I was recently tasked with building resource scheduling functionality into a system which uses a document database as the back end store.
For the sake of this blog post lets say we were required to book a meeting room for a meeting. In order to do this we would need to find a time slot where the meeting room is available and reserve it for the duration of the meeting. In a big organisation meetings rooms become something of a contentious resource, so the system would need assume that there could be multiple people trying to book the same room with overlapping time slots at any given time.
The system we were working on uses RavenDB as the back end store. The RavenDB indexing system, which is used to query documents, is based on an eventually consistent paradigm. This means that if I were to query the index at any point in time the results i receive may be stale.
Normally this is acceptable since since by the time the web page loads the data you seeing is stale anyway. In this case however I needed to be able to book the meeting room with ACID guarantees to ensure that a time slot for a meeting room would not be able to be double booked.
RavenDB provide ways to allow you to prevent stale reads from an index, however in a busy system this can be an expensive operation. This ruled out simply querying the index for bookings within a time frame to test whether the meeting room is available.
Loading documents by ID in RavenDB however is guaranteed to be consistent. That together with the optimistic concurrency enforced at the document level allows us to ensure that I cannot double book a meeting room.
Time is infinite, RAM is not
Since time is infinite the only way to model it in a software system is by considering it in chunks. When thinking about how to model this with a document database system we have the following options:
Store all reservations for a given resource in a single document - This might make sense if the number of reservations for a resource remains small. Once you go past a couple of hundred reservations it will become expensive to load and modify this document. In our case this was not going to work well for very long.
Store each reservation in it’s own document and rely on indexes to query availability of the calendar. As discussed above, this does not work for our requirements due to the eventual consistency issues.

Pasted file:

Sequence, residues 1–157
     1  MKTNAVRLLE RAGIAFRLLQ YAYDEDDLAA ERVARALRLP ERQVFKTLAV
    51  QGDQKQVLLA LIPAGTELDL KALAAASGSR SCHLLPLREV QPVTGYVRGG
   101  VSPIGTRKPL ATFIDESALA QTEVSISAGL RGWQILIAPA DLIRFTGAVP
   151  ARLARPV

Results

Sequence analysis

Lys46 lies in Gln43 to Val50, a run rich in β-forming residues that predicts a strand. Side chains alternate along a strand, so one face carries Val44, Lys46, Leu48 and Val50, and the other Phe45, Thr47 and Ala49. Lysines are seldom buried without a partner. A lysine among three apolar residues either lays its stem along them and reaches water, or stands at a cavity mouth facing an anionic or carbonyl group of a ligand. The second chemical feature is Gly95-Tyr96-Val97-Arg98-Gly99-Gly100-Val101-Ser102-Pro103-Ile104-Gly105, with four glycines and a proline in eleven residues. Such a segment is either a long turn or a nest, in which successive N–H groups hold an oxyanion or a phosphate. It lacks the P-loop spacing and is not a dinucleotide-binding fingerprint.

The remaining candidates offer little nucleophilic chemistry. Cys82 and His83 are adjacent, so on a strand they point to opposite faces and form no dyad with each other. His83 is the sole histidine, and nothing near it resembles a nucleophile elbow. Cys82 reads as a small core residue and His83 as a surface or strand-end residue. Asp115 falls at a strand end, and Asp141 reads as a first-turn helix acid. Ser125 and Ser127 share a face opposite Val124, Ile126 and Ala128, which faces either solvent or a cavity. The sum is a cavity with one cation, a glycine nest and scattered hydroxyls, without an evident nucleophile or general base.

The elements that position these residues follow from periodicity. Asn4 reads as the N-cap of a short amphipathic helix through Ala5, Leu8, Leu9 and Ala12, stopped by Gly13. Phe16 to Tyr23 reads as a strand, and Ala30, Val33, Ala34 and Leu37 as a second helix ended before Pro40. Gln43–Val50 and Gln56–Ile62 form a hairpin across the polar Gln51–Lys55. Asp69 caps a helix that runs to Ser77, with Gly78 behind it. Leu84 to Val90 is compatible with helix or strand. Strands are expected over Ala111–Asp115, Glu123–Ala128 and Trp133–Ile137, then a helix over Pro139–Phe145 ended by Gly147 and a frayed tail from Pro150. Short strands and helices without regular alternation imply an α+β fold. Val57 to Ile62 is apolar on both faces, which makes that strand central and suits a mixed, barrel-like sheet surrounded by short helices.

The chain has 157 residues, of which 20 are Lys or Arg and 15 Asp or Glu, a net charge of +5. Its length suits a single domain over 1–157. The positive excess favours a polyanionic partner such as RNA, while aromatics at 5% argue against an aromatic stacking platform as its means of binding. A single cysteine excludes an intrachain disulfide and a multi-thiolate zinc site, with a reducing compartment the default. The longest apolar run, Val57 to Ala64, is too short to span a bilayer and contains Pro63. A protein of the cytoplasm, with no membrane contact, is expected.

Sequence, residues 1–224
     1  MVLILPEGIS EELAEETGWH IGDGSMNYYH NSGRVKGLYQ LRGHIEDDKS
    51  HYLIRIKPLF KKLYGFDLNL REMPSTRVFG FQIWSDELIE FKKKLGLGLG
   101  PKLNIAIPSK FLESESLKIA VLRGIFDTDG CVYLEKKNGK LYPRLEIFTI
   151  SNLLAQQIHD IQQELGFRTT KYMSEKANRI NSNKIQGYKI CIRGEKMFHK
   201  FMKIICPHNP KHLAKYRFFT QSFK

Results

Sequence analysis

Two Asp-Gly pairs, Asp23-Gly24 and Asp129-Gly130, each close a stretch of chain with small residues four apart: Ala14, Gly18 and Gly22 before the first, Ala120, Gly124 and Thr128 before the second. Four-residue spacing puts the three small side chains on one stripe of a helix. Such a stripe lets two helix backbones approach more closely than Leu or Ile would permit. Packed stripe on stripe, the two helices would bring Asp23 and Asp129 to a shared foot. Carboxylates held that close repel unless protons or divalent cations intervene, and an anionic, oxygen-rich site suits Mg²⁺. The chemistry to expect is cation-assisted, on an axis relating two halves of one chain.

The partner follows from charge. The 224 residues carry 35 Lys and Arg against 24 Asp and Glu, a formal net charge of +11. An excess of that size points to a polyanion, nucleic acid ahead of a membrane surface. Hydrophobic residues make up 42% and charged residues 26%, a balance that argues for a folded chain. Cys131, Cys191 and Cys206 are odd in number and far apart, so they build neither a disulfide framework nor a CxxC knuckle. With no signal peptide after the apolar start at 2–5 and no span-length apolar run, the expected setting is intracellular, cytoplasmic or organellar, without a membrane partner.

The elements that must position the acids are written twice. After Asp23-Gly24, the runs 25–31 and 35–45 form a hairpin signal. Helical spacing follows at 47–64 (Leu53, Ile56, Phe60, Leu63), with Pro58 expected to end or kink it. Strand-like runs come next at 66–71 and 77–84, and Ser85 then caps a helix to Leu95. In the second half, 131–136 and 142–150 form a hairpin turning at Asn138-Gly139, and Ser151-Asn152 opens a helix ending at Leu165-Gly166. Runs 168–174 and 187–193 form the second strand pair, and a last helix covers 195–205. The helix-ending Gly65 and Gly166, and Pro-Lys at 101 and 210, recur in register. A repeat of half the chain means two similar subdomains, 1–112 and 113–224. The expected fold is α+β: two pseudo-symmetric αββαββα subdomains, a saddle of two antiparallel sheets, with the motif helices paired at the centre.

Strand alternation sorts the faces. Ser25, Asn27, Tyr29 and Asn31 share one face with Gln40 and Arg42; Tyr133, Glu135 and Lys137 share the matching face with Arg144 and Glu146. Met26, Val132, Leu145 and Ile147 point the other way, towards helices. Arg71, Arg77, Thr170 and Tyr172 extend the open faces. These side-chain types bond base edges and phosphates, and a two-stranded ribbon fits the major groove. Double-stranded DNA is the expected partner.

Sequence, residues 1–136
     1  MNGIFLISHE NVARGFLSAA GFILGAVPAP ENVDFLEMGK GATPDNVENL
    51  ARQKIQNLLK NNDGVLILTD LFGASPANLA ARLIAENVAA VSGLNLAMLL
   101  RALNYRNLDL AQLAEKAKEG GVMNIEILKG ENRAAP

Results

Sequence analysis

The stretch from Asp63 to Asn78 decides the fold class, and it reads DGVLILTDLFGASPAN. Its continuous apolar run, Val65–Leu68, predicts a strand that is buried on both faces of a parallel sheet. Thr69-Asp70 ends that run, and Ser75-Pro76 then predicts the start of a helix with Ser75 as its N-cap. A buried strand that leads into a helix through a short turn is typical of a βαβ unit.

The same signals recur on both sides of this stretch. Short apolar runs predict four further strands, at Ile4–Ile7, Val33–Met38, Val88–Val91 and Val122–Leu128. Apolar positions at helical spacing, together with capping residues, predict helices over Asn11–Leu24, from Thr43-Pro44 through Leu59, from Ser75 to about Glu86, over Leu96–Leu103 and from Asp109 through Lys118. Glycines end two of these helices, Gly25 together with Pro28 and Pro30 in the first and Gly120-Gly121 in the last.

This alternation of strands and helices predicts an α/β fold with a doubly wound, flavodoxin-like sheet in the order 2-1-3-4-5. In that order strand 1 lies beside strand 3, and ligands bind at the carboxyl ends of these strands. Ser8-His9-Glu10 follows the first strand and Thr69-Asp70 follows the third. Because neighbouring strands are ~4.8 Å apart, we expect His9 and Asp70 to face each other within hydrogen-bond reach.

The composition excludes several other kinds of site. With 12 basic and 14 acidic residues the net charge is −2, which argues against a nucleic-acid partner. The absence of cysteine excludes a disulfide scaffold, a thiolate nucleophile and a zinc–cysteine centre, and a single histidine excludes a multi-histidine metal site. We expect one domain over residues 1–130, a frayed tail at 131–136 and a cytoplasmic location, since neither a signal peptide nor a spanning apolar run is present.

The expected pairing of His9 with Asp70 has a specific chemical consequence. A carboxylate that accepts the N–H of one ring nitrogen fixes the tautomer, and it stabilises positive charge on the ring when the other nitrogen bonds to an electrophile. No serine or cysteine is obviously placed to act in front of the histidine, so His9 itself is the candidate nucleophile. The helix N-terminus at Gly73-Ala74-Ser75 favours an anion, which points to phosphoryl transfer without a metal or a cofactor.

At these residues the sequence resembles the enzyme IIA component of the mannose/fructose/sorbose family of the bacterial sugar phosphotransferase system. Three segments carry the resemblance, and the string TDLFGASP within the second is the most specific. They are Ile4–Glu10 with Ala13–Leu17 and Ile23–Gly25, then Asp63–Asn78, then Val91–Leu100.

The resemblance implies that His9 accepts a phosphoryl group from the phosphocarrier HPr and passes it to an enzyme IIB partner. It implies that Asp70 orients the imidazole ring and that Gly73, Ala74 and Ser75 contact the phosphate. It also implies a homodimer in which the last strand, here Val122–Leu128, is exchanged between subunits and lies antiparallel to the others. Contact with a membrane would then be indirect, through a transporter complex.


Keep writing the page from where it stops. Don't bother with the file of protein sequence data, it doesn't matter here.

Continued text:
The third approach, and the one we went for, is to break the calendar up into chunks and have a document which represents a chunk of time. In our case we decided to have a document represent a day of the calendar. So there would be one document per resource per day.
Managing the Chunks
There are a couple of things which need to be considered with this approach.
We need to be able to deal with reservations which span multiple days.
When working with the calendar it needs to be aware of its bounds. For instance if I load up the calendar for 1 Jan, then try to book an appointment for 2 Jan, the calendar needs to either load up more data so that it can double check the requested time slot is available, or throw an error indicating that the operation is not allowed and additional data would need to be loaded up.
This got me thinking about how to go about providing an intuitive interface to the calendar service without having to worry about all the mechanics of managing the chunks of time. Consider the following C# class
What I wanted from the Calendar is to allow the user to work with a chunk of time without having to understand the
chunking mechanism behind the scenes. The calendar class needs to protect the system by enforcing the time boundaries that it knows about in order to ensure double bookings cannot occur. The constructor accepts the boundaries as arguments which are then used to perform the validation when trying to create a reservation.
The calendar class then has knowledge of all the reservations during the given time period so that it can before the necessary validation.
So the trick is then to create a mechanism which is able to construct a calendar instance given a date range. In the sample I created a
CalendarApplicationService who’s job it is to create a Calendar from a number of chunks of time, and break a Calendar back into chunks when updating it.
Storing the Chunks
If we choose our document id’s carefully this task is trivial with a document database or key/value store.
We chose an ID scheme for each day of the calendar as follows
So given a calendar ID and a date range I can construct a list of ID’s then load all the chunks up with one network call. We can then combine all the chunks together to provide a single view of the calendar. The sample contains a helper class which performs these functions
Where we do not find a document with the given id it indicates that there were no entries for that day. i.e. a document only needs to be created for days which have reservations booked.
The documents which ultimately get stored may appear as follows
It is important to understand that there may be a lot more information pertaining to the reservation. My suggestion is that this information is stored in a separate document which represents the reservation, while the calendar simply contains a reference to the reservation id i.e. it’s the calendars responsibility to control reservations for a resource for a given time, while its the reservations job to store information about the reservation.
When a reservation spans multiple days you will land a CalendarChunkEntry in multiple CalendarChunks.
This approach has been working well for us so far. Document databases provide a lot of flexibility and speed but may require a bit more thought around how your data is stored. I hope this post has given some insight on how dealing with time based systems could be handled with document databases.
A full working sample is available on Git Hub which will hopefully fill in any gaps which this post may have left.